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Old 12-29-2008, 07:29 PM   #1
jmhet42
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Intel vs AMD long-term


A good friend told me that on comparable systems, a new AMD cpu was much faster than a new Intel cpu, but that, after a year, the Intel system would run better. Has anyone any experience with this?

Not trying to start a war, I'm going to re-build an old computer, and I want it to last.
 
Old 12-29-2008, 07:41 PM   #2
sorbyl
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I can see no reason for an AMD cpu to slow down over time in comparison to an Intel cpu. Choice of cpu is in my opinion a totally personal thing. I make no secret of the fact that I generally choose AMD when building systems, but if the customer chooses Intel then that is not a problem.
I can only think that your friend misinformed as my home systems run both AMD and Intel and I have never seen this phenomena.
 
Old 12-29-2008, 08:03 PM   #3
jmhet42
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No, I can't think of any reason why an AMD would slow down, but this wasn't something that he read on a website. This was an observation from years of work. I just haven't ever heard anyone else say that, and I was leaning toward AMD myself.
 
Old 12-29-2008, 10:15 PM   #4
J.W.
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I'd ask your friend to back up his stories with some factual evidence from a reliable source. I'll guess that what your friend is describing is simply a matter of perception, and which happens with all new computers: when they're brand new, they seem a lot faster than the old machines that they've replaced, but given Moore's Law, after a couple of years, the older CPU's seem pathetically slow.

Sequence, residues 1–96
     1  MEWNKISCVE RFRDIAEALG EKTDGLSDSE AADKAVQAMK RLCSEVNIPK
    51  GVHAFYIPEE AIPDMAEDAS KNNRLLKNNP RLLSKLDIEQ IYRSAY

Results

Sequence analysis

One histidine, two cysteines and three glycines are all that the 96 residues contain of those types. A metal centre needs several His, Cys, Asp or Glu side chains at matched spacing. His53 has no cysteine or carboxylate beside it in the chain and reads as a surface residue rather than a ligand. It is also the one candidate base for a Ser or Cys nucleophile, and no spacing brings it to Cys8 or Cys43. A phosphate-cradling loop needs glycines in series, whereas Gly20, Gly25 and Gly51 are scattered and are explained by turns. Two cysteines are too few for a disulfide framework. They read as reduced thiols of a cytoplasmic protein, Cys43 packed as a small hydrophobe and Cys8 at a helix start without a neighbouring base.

Personally, I'm using both Intel and AMD CPU's, and consider AMD's to have a slightly better price/performance ratio. Just my 2 cents.

In any case, as this isn't really a Linux technical question, I'm moving it to General
 
Old 12-29-2008, 10:29 PM   #5
Jeebizz
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I don't know why, but for some reason my AMD K6-2 just doesn't seem as fast as it used to be... Hrmmm...
 
Old 12-29-2008, 10:35 PM   #6
jiml8
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Seems like a ridiculous idea to me.
 
Old 12-29-2008, 11:30 PM   #7
arnuld
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Was your friend drunk when he told you this weird thing :P . Actually choice of CPU is a personal thing. I like AMD and my friend loves Intel. 2nd. AMD is cheaper these days.
 
Old 12-30-2008, 01:42 AM   #8
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Reminds me of the theory of relativity. My Intel Pentium 4 system has a lot of expansion boards installed and lately it is slow. Probably from the all the devices fighting for attention. My AMD Athlon system is fast, but it does not have as many expansion boards installed. The AMD system now has some capacitors starting to become irregular, so I will need to get a new system soon. My AMD 80386DX-40 has always been fast from the start and to the point I stop using it, but its hardware is well integrated (not built-in) to have no conflicts.

Through the years AMD can handle processing multiple data at once. Intel processors have blah performance through years of using them. My future system(s) will be AMD because they seem faster while Intel to me seems slow. Also AMD systems are cheaper.

Probably your friend is relating speed of the computer to the hard drive. Over time the hard drive will be doing more ECC compared to the time that you first got it. If you use spinrite to compare the amount of ECC that hard drive is doing to two different times that you ran the scan, the second time should be higher. Higher ECC counts means the hard drive is losing performance and the computer have to wait to retrieve the data.